I asked the professor on what he based this statement because, when I last looked, every major hunting association in the world was opposed to the killing of intensively bred and domesticated wildlife for the purpose of creating exaggerated horn lengths and unnatural colour variants, including the Boone & Crockett Club in America, CIC – The International Council for Game and Wildlife Conservation in Europe, the Nordic Safari Club in Scandinavia, SA Hunters and Game Conservation Association in South Africa, with nearly 40 000 members the largest body of its kind in Africa, and the Namibian Professional Hunters Association. In addition, neither of the two major international record books will allow the entry of these colour variants in their books. I did not receive an answer to this question either.
- “It is estimated that there are 200 000 local hunters, meaning 40- plus hunters had hunted colour variants in 2015.”
I asked the professor to explain this statement as it did not make sense to me. I mean, what is ‘40- plus hunters’? As I pointed out, the claim that local hunters shot 57 000 colour variants last year was, quite simply, unadulterated rubbish. To give the reader some perspective of the scale of the issue here, all the overseas hunters who visited South Africa in 2014, some 7 400 in total, together shot some 45 000 head of game, virtually none of which were colour variants.I put it to the professor that his survey and the conclusions drawn from it were not worth the paper they were printed but have not had a response from him.
- “The majority of hunters agree that there is a future for colour variant hunting.”
See my comments under paragraph 2 above.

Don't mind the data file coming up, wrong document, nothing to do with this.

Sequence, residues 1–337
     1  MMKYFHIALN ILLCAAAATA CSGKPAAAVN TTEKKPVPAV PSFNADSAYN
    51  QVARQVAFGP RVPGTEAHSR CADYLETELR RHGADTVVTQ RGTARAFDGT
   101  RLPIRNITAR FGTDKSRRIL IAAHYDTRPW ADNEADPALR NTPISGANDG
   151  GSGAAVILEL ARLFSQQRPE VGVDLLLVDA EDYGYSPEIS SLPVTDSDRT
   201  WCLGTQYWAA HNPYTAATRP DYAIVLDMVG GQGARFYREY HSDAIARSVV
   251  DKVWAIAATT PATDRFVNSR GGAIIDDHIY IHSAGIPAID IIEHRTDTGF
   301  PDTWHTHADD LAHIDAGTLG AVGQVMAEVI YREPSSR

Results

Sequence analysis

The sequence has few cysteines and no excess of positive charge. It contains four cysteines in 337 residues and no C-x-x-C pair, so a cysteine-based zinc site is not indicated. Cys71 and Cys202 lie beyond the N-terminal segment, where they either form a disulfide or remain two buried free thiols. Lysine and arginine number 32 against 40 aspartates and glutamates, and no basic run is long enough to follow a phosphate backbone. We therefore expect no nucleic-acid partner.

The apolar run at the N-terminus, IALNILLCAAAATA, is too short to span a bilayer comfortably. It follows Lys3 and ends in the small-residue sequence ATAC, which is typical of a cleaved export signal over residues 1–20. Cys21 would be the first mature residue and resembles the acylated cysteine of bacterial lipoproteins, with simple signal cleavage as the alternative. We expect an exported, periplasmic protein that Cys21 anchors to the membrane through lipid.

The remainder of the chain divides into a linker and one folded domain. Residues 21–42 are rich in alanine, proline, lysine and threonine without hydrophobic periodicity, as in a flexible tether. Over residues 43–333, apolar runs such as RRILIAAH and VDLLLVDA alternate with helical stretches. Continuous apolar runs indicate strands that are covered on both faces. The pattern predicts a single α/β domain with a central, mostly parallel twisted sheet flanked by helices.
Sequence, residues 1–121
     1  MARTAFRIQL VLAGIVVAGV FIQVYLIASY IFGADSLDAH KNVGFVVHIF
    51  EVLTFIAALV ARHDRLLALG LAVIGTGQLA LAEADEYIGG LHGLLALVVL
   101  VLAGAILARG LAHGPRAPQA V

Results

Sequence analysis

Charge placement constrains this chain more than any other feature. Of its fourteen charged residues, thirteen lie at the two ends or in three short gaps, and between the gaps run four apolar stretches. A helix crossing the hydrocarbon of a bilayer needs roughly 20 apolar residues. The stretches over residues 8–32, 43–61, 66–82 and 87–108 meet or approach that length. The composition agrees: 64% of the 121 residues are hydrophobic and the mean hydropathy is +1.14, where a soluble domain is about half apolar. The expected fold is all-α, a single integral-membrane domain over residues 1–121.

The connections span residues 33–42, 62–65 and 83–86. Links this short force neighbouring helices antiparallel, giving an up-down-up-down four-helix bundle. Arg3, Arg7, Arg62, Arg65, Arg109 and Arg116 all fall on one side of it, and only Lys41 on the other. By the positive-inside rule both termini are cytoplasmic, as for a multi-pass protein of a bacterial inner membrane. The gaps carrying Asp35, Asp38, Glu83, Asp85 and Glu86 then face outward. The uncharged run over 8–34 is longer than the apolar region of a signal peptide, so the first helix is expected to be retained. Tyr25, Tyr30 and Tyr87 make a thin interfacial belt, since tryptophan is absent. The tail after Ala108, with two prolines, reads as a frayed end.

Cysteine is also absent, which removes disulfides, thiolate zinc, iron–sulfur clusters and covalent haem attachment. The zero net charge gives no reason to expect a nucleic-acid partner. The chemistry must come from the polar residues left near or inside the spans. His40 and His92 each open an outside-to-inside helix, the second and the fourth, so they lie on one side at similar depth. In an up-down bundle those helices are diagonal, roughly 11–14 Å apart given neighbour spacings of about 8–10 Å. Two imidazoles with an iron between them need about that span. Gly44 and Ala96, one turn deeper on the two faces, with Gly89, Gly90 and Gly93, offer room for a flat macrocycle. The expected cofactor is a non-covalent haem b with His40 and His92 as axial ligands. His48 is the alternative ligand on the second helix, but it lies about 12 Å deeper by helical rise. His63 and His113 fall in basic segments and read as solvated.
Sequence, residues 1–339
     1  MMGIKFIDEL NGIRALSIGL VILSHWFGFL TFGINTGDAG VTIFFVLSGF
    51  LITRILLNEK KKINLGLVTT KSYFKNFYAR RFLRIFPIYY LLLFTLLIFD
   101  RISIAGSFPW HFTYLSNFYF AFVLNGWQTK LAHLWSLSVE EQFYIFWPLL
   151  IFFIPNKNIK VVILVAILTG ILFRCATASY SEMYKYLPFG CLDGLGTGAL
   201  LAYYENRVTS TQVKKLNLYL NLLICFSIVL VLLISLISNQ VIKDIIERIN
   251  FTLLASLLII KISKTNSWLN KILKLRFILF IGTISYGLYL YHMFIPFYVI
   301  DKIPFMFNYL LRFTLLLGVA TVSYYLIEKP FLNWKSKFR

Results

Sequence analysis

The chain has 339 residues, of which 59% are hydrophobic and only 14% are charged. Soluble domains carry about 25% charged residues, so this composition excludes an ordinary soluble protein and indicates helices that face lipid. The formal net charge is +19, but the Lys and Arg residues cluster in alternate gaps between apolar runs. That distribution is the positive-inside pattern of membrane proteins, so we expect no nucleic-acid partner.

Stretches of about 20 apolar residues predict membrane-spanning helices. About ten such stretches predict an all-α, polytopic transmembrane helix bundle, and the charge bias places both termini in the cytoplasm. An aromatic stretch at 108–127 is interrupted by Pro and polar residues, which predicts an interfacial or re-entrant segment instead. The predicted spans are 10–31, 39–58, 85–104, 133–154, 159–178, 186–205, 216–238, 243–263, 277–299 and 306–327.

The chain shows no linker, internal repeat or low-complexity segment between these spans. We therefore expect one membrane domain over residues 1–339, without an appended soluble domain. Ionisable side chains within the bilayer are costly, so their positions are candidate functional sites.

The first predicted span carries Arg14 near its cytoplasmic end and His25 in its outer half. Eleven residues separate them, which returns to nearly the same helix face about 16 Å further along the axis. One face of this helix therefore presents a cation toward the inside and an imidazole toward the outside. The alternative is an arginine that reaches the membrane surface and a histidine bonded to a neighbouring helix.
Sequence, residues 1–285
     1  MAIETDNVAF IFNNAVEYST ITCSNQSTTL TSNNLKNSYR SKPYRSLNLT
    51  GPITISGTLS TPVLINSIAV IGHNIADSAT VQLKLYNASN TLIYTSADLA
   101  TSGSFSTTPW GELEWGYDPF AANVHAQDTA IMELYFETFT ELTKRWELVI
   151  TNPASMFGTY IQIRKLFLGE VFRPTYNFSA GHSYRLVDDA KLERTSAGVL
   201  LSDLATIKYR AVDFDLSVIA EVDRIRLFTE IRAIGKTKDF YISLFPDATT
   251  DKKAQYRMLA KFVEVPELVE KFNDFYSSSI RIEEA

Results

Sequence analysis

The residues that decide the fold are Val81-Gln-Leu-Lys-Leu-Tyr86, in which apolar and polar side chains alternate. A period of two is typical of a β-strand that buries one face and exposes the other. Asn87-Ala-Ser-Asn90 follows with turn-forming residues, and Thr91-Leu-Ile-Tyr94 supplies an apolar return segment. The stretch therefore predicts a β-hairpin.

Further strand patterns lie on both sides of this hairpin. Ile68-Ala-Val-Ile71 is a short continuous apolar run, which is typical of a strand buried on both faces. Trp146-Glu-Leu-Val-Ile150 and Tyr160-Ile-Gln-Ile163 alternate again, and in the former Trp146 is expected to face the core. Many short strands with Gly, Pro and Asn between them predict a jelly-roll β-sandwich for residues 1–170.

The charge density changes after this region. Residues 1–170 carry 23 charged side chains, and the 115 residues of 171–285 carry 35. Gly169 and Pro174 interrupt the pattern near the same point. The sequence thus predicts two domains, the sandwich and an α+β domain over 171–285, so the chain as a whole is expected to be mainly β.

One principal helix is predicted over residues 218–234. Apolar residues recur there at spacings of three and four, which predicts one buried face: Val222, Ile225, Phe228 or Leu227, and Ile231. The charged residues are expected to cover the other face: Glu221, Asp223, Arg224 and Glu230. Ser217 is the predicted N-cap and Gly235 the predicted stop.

- “Colour variants occur naturally in the veld and are not genetically altered.”
Oh please! I would have thought that someone as interested as the professor in the subject would have read Game & Hunt, the intensive breeders’ magazine, with over one hundred full colour pages of adverts extolling the virtues of dozens of different colour variants, including some 20 different springbok colour variations, most of which were most definitely genetically manipulated.
- “The hunting of colour variants by local hunters are (sic) price-dependent. If correctly priced, they will hunt colour variants.”
Seeing as most of these colour variants are too valuable to be allowed to roam the veld and are usually kept in small, electrically fenced paddocks for veterinary, feeding, breeding and protection purposes, it is difficult to see where hunting comes in for starters. Of course, if the price is reduced to that of normal game then people may cull them in these enclosures for the meat but most knowledgeable cullers would be concerned that the meat might contain anti-biotics or growth hormones, the absence of which is a major contributory factor supporting why most people like to eat venison.I really do not want to be rude to Professor van der Merwe or attack his promotion of colour variants as I have been told that a number of intensive game breeders, in the Eastern Cape in particular, are clients of his but to make the broad statements that he has, based on survey of a mere 493 people out of 200 000 to 300 000 hunters – less than a quarter of one per cent – is to beg the questions I have asked and, in my humble opinion, the statements made based on this ‘survey’ are at best irresponsible and at worst not worthy of any scientist and academic in a position such as his.